Anyone calling themselves an osteopath is required by law to be currently registered by the General Osteopathic Council (GOsC). This is part of a government act that was passed in 1993. Osteopaths are also required by law to be insured to protect both the public and themselves.
All our osteopaths are registered with the GOsC.
As such, this idea of putting something 'back into place' is a misconception. A spinal joint out of place would be a very serious injury, and would certainly mean hospitalisation and not a visit to the osteopath. In fact, within osteopathic understanding, joints become restricted and limited in their normal function. Osteopathic treatment uses many treatment methods to try and restore that normal function. Another common misconception is spinal 'discs being put back in'. Disc injury can be treated with osteopathy, but again treatment is applied to help the tissues to return to a more normal, healthy state.
If practiced by a qualified and sensitive osteopath they are not dangerous. Manipulations should not hurt if the osteopath has good technique and is respectful of a patient's sensitivity. You shouldn’t assume that you will always have manipulation whenever you go to an osteopath, as many successful treatments can be conducted without its use. All good osteopaths will keep the patient informed of what they are doing as the treatment progresses.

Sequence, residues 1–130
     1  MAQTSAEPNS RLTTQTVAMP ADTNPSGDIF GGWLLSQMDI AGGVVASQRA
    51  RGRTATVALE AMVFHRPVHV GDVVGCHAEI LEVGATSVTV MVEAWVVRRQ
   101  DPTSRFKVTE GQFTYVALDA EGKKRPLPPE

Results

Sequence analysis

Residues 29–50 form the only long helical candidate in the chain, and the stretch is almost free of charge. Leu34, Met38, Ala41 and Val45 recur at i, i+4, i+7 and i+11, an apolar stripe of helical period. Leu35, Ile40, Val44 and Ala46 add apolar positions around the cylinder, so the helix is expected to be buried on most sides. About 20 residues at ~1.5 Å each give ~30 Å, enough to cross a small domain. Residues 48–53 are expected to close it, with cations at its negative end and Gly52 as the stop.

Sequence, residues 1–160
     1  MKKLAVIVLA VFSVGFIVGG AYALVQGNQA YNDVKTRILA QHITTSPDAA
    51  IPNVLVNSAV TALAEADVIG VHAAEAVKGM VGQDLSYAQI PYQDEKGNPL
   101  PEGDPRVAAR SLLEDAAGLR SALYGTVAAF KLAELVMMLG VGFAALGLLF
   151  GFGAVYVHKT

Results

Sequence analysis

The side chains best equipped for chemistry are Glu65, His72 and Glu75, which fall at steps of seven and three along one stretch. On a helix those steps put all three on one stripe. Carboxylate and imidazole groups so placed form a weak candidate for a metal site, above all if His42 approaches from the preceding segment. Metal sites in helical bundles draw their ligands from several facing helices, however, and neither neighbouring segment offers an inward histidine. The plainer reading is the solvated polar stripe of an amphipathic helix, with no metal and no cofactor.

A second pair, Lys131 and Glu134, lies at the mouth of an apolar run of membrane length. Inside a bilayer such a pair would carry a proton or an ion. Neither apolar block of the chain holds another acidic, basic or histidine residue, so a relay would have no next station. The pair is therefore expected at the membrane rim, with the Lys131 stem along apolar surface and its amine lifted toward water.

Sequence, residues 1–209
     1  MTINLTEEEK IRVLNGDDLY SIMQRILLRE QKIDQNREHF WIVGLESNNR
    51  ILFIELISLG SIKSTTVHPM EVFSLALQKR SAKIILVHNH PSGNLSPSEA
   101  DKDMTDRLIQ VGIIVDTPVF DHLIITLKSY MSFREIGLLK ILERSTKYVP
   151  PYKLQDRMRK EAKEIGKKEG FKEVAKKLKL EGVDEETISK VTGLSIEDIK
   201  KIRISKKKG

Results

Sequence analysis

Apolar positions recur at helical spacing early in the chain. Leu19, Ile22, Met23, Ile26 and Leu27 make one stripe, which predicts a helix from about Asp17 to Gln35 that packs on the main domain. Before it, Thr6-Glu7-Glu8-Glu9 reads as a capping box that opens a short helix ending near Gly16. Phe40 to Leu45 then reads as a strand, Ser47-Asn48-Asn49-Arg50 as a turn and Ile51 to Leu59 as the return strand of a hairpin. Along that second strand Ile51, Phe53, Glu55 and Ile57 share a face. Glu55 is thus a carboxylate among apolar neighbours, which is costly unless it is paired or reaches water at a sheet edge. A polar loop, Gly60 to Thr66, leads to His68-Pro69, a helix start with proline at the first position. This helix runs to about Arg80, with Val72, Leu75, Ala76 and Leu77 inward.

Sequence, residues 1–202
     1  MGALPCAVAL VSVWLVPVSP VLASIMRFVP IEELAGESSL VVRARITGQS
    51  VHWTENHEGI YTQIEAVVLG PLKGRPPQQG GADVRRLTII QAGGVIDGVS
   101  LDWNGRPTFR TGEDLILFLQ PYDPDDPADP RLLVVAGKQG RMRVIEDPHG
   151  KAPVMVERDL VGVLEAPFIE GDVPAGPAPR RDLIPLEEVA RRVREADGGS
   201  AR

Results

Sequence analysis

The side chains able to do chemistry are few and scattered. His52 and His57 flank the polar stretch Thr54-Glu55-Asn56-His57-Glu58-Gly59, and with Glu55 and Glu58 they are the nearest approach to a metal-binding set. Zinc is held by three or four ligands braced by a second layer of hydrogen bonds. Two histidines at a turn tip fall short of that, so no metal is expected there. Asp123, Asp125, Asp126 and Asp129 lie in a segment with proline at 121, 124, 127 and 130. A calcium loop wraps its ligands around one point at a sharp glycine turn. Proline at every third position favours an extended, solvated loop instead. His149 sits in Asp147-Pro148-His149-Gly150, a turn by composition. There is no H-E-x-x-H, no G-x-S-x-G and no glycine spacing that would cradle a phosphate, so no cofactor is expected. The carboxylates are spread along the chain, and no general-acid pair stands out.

This largely depends on the problem, and the osteopath will advise you on your first visit. As a general rule the more acute a problem then speed is of the essence, as an early assessment and diagnosis can speed the recovery time (in some cases by as much as weeks). If your problem is of a more long-standing nature it can take some time to ascertain the cause of the symptoms. Many muscular problems can be aggravated or caused by the most unlikely things, like emotional upset, office seating or even nutritional factors. Each problem is different and needs an individually assessed treatment plan. Your osteopath should be able to give you some indication on your first visit what treatment is required and how long it may take.
This depends on your problems and your osteopath will advise. Some patients with chronic pain feel that they benefit enormously by some maintenance treatment, while we only see others when they have a problem.
The majority of insurance companies now cover osteopathy. It is best to check with your insurers first, as individual policies may have exemptions. At Back to Back, we prefer patients to pay for their treatment and then claim back from their insurance company. Please see our treatment costs page and call us if this is a problem.
"I have completed the last three London Marathons in about three hours each (in my late 50s) - only possible because of Steph's subtle, thoughtful mobility work."